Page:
- November 16, 2021
The gas sensor platform is a technology that can monitor specific diseases in real-time by selectively sensing a tiny amount of biomarker gas related to various illnesses contained in people’s expiration, KIST said in a press release at the end of July 2021. “Making diagnosis without blood collection or taking images, non-invasive respiratory monitoring is one of the key future technologies,” it said. “The gas sensor platform selectively detects biomarker gas related to diseases from the breath, providing real-time monitoring of certain diseases. By monitoring the changes in the concentration of certain gases in the breath, doctors can make the diagnosis of diseases.”
The non-invasive diagnosis is made through a series of processes, in which the breath collected in the Tedlar bag is injected into the thrum-sized sensor device, and rapid analysis of the gases is made in a few minutes.
In addition to water, acetone, toluene, ammonia, and hydrogen, the exhaled breath contains bad breath biomarkers — hydrogen sulfide, methyl mercaptan, and dimethyl sulfide. Of these three biomarkers, it is important to detect hydrogen sulfide, found in bad breath patients selectively. However, these biomarker gases are found only in very small amounts. To selectively detect the targeted biomarker among the interrupting gases contained in the breath, further technological advancement is needed, it said. The research team combined a small amount of sodium chloride (NaCl) or alkali metal salt with platinum (catalyst) nanoparticles to develop a sensor that selectively reacts to certain biomarker gas. This combination of NaCl and platinum showed 10 to 200 times better performance in gas detection compared to sensors with the only platinum catalyst or with none of the catalyst.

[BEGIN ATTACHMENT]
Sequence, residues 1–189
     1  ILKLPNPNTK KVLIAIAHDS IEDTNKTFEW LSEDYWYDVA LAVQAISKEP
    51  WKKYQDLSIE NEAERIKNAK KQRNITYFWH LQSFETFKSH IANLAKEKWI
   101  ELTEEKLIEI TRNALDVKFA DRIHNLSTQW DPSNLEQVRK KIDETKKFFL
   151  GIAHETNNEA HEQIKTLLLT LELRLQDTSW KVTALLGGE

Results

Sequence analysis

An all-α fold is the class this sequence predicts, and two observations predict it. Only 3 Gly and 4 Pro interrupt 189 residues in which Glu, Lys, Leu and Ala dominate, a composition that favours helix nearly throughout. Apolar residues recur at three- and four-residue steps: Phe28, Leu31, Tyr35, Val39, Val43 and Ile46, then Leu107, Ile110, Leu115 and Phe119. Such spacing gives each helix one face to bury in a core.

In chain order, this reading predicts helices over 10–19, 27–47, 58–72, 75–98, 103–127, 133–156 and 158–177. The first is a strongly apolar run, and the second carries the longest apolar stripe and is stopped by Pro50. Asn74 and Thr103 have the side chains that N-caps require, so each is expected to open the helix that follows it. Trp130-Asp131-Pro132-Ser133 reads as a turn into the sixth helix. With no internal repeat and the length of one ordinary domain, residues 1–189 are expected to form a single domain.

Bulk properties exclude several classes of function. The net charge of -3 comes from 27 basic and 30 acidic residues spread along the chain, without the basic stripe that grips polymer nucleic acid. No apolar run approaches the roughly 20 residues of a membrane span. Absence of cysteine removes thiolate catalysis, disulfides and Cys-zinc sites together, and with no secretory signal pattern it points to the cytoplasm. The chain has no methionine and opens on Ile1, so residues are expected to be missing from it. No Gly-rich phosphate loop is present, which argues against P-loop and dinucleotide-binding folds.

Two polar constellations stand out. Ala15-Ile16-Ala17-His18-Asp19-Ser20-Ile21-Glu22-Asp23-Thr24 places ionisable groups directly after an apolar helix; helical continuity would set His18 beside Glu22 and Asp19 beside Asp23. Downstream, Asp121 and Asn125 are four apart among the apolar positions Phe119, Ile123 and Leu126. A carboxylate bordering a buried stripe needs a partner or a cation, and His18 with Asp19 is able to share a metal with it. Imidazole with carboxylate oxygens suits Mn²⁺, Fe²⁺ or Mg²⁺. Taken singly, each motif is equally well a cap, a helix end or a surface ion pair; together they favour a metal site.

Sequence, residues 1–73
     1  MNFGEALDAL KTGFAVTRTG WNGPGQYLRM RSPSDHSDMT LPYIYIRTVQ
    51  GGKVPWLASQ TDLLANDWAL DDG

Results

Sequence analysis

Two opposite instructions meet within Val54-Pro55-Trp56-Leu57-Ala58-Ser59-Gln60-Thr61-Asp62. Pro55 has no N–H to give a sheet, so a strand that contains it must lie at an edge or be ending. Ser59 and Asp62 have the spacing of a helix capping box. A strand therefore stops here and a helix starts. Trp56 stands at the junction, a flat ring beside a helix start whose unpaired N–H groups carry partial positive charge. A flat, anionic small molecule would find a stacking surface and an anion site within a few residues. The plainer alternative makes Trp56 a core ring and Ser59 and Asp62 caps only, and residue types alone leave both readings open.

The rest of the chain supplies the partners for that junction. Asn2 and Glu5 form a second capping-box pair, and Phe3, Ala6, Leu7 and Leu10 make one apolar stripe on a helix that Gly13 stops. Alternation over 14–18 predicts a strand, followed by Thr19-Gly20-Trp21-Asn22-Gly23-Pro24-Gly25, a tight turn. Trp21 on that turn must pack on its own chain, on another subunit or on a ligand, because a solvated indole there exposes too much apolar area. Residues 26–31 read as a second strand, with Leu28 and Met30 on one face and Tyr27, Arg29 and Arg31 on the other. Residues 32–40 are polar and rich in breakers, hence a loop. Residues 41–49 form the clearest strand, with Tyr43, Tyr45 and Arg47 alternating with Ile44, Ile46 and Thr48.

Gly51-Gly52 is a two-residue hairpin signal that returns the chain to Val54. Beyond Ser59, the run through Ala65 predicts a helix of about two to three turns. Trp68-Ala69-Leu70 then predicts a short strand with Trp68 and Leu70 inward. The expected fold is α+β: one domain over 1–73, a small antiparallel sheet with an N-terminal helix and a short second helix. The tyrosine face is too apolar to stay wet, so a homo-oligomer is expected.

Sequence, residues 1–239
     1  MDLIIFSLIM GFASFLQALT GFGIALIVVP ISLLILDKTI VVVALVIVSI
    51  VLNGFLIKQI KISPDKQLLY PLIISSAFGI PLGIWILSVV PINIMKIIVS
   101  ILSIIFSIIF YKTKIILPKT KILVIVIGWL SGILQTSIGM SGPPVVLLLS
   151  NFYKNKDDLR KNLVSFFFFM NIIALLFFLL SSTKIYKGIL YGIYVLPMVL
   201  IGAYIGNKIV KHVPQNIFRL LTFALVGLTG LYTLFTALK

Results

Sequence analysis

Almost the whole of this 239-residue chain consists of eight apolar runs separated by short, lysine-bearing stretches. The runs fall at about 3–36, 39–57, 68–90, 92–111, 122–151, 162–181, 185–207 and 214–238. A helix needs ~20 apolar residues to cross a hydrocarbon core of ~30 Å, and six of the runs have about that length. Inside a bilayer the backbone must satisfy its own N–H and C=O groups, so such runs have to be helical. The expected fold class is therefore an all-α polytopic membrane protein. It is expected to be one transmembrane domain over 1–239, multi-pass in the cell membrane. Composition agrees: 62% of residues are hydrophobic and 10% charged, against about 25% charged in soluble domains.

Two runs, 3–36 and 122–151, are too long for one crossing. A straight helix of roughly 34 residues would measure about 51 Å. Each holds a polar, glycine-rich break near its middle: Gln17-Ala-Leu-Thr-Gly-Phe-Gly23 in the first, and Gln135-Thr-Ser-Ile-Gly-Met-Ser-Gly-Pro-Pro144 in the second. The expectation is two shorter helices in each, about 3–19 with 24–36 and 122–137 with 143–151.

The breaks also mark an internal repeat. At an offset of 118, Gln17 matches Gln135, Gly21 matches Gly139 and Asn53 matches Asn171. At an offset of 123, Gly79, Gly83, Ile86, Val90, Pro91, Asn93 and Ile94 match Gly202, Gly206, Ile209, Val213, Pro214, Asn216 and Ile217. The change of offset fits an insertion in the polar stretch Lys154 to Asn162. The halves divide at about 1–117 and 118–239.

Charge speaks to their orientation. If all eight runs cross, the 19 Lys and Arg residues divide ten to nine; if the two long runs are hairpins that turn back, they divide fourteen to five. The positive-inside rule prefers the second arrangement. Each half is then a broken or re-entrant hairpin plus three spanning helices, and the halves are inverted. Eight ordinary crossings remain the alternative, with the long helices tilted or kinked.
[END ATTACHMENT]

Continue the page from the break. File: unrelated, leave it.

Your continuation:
The research team evaluated 80 cases of breath to find the gas sensor platform showing an accuracy of 86.3 percent in detecting bad breath. A portable gas sensor that sniffs bad gas was commercialized with the combination of sensors for pressure, temperature, and humidity. “By combining alkali metal-based catalyst with the widely used platinum catalyst, we could materialize highly sensitive and highly selective detector of biomarker gas,” Professor Kim Il-doo, who led the KAIST team, said. “The development of the personal device that helps easy diagnosis of disease at home will reduce medical expenses and help people’s sustainable healthcare.”
The research results was published in the August 2021 issue of ACS Nano. It also was introduced in the ACS Weekly PressPac on 21 July 2021. In addition, the developers have applied for the patent right for the device in various countries, including Korea, China, the U.S., and Europe, the KAIST said.
REFERENCE: Korea Biomedical Review; 28 JUL 2021; Jung Jin-sol